perfect. You have a routine like CrossFit or just you know your standard machines and cardio equipment.

Unknown 48:14
I do cardio equipment where I got I’ve got a set of the gravity and version boots so I hang upside down. Oh, that feels pretty good. Oh, that’s wonderful.

Justin Trosclair 48:23
Is that 10 minutes a day or do you do longer?

Unknown 48:26
Oh, I don’t hang up. I don’t think I hang there for 10 minutes. I think about five to six minutes is plenty for me. Okay,

Justin Trosclair 48:34
but those are the ones where you’re completely upside down or they’re kind of the ones where you’re like 45

Unknown 48:38
hang upside down. Okay, do some conversion position. Okay.

Justin Trosclair 48:43
You have any favorite books, blogs or podcasts that you think are definitely worth sharing and for people to read and change their life?

Unknown 48:50
One of the books I like is a Tim Ferriss, the four hour workweek classic. There’s another one. I can’t remember the name of the author right now, but it’s the art of not giving up a few. Yep. And I had an attorney friend of mine turned me on to the lead child jack Reacher books. Yeah, they made a couple of movies about it with Tom Cruise’s jack Reacher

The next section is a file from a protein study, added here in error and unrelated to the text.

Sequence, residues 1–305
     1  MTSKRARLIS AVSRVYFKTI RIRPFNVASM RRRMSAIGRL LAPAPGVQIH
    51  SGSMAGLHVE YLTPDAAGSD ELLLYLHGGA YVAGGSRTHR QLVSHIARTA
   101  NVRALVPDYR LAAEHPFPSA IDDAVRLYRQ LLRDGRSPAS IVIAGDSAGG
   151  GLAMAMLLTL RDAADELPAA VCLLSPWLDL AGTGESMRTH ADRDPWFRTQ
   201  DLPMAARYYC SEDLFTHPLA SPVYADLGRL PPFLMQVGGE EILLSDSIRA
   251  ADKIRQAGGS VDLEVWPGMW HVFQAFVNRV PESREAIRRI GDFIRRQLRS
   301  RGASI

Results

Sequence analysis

Justin Trosclair 49:13
right. Did you like them?

Unknown 49:14
I like the books better. You got to understand that Tom Cruise is really not jack Reacher jack Reacher in the books is 260 pounds of solid muscle expert ex Military Police. And Tom Cruise is about five foot six.

Justin Trosclair 49:29
So they needed a rock or something in there.

Unknown 49:31
Yeah. And then, of course, I read the game of Game of Thrones books. And I like Michael Creighton. He wrote several books sphere and the the jack Ryan novels. Oh yeah. And he wrote the Jurassic Park series. And that’s the same guy. Yeah. Michael Creighton. Wow. drastic. The books are a lot different than the movie. I

Justin Trosclair 49:54
keep hearing that. I just never went down that path to read them. But I always enjoyed the movie. So the book gotta be better. Right? So the

Unknown 50:01
books are amazing. I get them on Audible. I listened to them while I’m driving.

Justin Trosclair 50:05
Another audible guy. We have several guests talking about audio books. I really I really dig it. That’s the that’s a nice way to get things done and use your driving commute time wisely, huh?